Says Maigread Eichten, president and chief executive of FRS, a maker of energy drinks. I love one particular statement in her interview with the New York Times: “I feel like I’m a judge, … which is that my job is not to make everybody happy. My job is to chart the right course and, at the end of the day, I leave this building and if I feel like I’ve done the right thing and people respect me, I’m happy. But on any day someone is probably unhappy with a decision that I made in the day, and that’s the best I can do.”
I realize many women leaders in our modern day and age are still being penalized for our gender. We are still fighting to find the balance between work and family, and the balance between our emotions and our rationality.
I do not understand why we have to be made so apologetic about our innate DNA.
While watching “Fringe“, I was watching a very familiar scenario. Agent Olivia Dunham was reprimanded by her superior, who claimed that she was being too emotionally involved with a particular case and it was clouding her judgement. She initially accepted the comment and probably had some moments of apologetic punches internally. But when she finally collected her thoughts, her response was fabulous:
“Yes I am emotionally involved with this case, but that is what makes me so good at my job and I am not about to change the way I do it.”
It is true that women leaders have their strengths because of their emotions. Their ability to relate and to empathize should not be undermined. Neither should we undermine ourselves for that matter. There should be nothing to apologize for being passionate for what you do. You cannot make everyone love the decision you make. You cannot make everyone agree with your point of view. The thing is, you’re there to lead and chart the path, not be the prom queen. Popularity does not mean good leadership. It just mean good showmanship.
At the end of the day, what you really want to achieve is to make sure those whom you lead get a piece of the greener pastures and the clear blue skies.
August 23, 2009
The C.E.O. Must Decide Who Swims
This interview of Maigread Eichten, president and chief executive of FRS, a maker of energy drinks, was conducted and condensed by Adam Bryant.
Q. When did you first learn how to lead people?
A. You’re really taking me back. I was a lifeguard and a swim coach at a pool in the Walnut Creek area outside of San Francisco. The hardest thing about being a swim coach in a somewhat affluent area is that all the parents want their kids to swim on the team, of course, and to swim every event. And while you want to win, you also want to make sure all the kids get to swim. So there’s this balance.
I was 17 and you’ve got these parents screaming at you every weekend — “How come Johnny didn’t get to swim?” and “He’s better than Sally.” — and you’re going back and forth on this every week: Do I want to win or do I want to swim all the kids, and the kids are looking at you and the parents are screaming at you.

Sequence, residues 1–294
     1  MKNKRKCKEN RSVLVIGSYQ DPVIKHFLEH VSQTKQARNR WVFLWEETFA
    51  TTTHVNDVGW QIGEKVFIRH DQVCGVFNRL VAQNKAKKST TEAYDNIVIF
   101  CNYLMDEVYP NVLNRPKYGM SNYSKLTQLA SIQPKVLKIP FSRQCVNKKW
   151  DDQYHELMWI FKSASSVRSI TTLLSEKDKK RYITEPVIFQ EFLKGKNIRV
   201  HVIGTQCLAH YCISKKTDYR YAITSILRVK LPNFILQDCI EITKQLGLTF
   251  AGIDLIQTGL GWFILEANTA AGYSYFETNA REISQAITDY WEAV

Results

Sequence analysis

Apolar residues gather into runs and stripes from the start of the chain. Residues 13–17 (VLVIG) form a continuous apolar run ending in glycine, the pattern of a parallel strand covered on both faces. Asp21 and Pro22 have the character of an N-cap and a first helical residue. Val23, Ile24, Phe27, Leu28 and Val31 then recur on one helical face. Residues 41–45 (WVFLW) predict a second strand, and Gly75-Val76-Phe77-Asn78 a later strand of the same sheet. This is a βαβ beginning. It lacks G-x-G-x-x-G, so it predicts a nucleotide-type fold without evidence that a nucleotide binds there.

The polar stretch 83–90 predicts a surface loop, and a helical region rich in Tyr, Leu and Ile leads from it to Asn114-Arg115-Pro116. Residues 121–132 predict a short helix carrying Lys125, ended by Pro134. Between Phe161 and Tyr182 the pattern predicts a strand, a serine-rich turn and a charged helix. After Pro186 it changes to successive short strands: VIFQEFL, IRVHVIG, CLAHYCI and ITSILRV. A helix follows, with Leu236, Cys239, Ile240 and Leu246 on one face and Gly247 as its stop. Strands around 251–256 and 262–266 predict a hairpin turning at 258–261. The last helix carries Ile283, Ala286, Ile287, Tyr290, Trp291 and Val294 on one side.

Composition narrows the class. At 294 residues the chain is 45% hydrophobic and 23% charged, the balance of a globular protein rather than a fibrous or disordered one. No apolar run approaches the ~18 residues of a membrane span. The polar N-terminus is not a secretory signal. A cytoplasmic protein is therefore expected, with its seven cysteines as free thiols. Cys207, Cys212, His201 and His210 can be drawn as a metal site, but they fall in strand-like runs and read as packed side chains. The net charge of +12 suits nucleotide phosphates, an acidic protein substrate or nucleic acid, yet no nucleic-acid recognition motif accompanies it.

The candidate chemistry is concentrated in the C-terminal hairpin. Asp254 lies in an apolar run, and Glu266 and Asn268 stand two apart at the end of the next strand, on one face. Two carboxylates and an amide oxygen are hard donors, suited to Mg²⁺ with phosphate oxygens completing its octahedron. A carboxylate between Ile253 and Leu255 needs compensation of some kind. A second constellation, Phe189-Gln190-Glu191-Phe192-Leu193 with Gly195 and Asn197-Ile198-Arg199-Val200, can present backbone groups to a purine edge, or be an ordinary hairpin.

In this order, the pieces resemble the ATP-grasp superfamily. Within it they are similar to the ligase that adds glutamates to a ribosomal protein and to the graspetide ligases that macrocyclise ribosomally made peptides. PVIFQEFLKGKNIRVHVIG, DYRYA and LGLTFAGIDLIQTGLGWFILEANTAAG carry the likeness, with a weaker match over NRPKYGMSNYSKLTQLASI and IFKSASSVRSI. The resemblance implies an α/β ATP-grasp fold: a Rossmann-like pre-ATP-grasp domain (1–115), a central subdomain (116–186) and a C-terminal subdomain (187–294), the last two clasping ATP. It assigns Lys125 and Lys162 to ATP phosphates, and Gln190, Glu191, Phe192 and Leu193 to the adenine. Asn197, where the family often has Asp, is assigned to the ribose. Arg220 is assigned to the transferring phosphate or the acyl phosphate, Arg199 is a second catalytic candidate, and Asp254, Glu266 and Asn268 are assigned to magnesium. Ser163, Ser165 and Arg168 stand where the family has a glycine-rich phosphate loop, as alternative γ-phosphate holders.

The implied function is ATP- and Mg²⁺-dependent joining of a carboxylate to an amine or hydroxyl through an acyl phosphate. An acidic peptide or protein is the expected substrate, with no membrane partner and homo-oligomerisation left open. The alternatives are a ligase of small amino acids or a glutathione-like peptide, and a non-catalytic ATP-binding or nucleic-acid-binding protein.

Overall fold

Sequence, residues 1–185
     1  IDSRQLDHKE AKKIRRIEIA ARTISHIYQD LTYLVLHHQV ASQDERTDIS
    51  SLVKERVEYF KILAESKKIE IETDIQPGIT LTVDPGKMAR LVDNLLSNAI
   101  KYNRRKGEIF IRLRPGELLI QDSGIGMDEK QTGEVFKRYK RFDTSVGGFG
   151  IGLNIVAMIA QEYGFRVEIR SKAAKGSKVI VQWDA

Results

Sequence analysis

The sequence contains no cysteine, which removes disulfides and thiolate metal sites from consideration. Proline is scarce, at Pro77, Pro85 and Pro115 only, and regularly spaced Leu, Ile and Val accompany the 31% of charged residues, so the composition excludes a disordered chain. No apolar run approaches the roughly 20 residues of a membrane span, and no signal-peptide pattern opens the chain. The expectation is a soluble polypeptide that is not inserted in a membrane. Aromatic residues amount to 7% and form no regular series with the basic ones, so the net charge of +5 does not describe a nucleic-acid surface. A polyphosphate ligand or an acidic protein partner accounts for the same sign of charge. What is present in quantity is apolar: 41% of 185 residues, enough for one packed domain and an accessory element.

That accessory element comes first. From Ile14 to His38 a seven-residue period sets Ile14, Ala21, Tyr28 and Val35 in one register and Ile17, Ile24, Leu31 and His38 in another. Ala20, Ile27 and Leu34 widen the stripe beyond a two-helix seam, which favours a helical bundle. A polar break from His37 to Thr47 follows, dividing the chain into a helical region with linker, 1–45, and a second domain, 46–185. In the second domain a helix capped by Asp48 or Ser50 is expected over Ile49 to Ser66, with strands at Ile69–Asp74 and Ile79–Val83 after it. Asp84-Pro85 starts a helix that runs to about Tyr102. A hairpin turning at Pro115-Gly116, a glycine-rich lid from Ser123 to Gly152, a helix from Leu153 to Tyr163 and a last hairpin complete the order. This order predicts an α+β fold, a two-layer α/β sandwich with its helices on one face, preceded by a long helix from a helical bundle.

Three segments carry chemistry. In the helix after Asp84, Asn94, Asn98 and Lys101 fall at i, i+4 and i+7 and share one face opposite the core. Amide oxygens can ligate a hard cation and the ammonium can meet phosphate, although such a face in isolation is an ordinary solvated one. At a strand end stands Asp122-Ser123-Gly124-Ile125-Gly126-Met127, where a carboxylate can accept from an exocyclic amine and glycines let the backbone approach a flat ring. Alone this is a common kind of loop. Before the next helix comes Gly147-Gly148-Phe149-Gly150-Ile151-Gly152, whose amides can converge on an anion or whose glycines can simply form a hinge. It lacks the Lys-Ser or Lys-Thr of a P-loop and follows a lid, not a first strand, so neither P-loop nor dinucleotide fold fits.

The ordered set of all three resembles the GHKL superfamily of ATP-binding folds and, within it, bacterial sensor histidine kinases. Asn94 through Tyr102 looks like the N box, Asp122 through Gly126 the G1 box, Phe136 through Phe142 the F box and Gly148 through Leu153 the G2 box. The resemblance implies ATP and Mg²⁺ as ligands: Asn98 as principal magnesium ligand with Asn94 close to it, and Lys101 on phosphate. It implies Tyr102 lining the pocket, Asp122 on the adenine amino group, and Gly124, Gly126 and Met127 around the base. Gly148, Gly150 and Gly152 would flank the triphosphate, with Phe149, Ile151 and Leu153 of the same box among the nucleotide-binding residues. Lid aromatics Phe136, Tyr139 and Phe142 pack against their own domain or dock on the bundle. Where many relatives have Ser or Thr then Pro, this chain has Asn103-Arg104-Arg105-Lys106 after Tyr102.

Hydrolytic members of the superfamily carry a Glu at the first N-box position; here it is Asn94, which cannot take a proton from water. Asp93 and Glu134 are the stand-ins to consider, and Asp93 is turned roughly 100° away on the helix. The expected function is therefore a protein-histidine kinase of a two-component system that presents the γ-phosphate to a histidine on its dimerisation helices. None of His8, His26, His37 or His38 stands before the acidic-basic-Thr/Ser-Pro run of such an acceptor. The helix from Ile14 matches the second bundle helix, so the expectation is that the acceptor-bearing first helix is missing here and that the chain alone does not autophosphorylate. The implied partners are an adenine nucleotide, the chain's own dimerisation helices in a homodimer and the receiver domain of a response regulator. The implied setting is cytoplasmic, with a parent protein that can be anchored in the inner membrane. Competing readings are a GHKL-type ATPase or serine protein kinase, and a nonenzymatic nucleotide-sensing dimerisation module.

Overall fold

That experience is very similar to many days how I feel here. I feel like I’m a judge, and I use that mental image a lot, which is that my job is not to make everybody happy. My job is to chart the right course and, at the end of the day, I leave this building and if I feel like I’ve done the right thing and people respect me, I’m happy. But on any day someone is probably unhappy with a decision that I made in the day, and that’s the best I can do.
It’s the same thing with the swim team. Mr. Smith is probably mad that I didn’t swim his daughter, and sometimes I have to look at little Jane and say, “You know what, you’re not going to swim the 100 fly today, sorry.” It’s a team sport.
Q. It sounds like good training for dealing with all the stakeholders in a company.
A. It’s a balance. You’ve got the board, you’ve got investors, you’ve got employees, you’ve got the press, you’ve got consumers, you’ve got retailers. It’s the hardest thing, which I didn’t expect, about being C.E.O. You’re a judge, and you cannot make everyone happy. It is impossible. It’s the same thing with parenting.
Q. Talk about how you give feedback to employees.
A. One of the most memorable things one of my bosses at Pepsi told me was that if you really care about somebody, you give them constructive feedback. And if you don’t care about somebody, you only say positive things. That’s stuck with me all this time. So I really try to make sure that I give people good, constructive feedback — positive first, of course, then constructive, and I give it in real time. It’s got to be in the moment. It’s got to be private.
Q. Tell me about your goals as a leader and manager.
A. I want to get better at taking more risk. My goal is to do one thing every day that kind of scares me or that’s kind of hard. Today, it’s being interviewed by you. I think that, to get better, you have to challenge yourself. You have to put some things out there that are hard for you personally.
Q. When did you develop this rule to do something risky every day?
A. Probably about 10 years ago, when I left PepsiCo. I moved out here to San Francisco, which is where I grew up. I made a lifestyle decision then that I was going to change some things up. I went to work at VeriSign, and then the downturn hit in 2000. Everyone needs to manage through a downturn. You learn a ton. It’s much harder than managing in good times.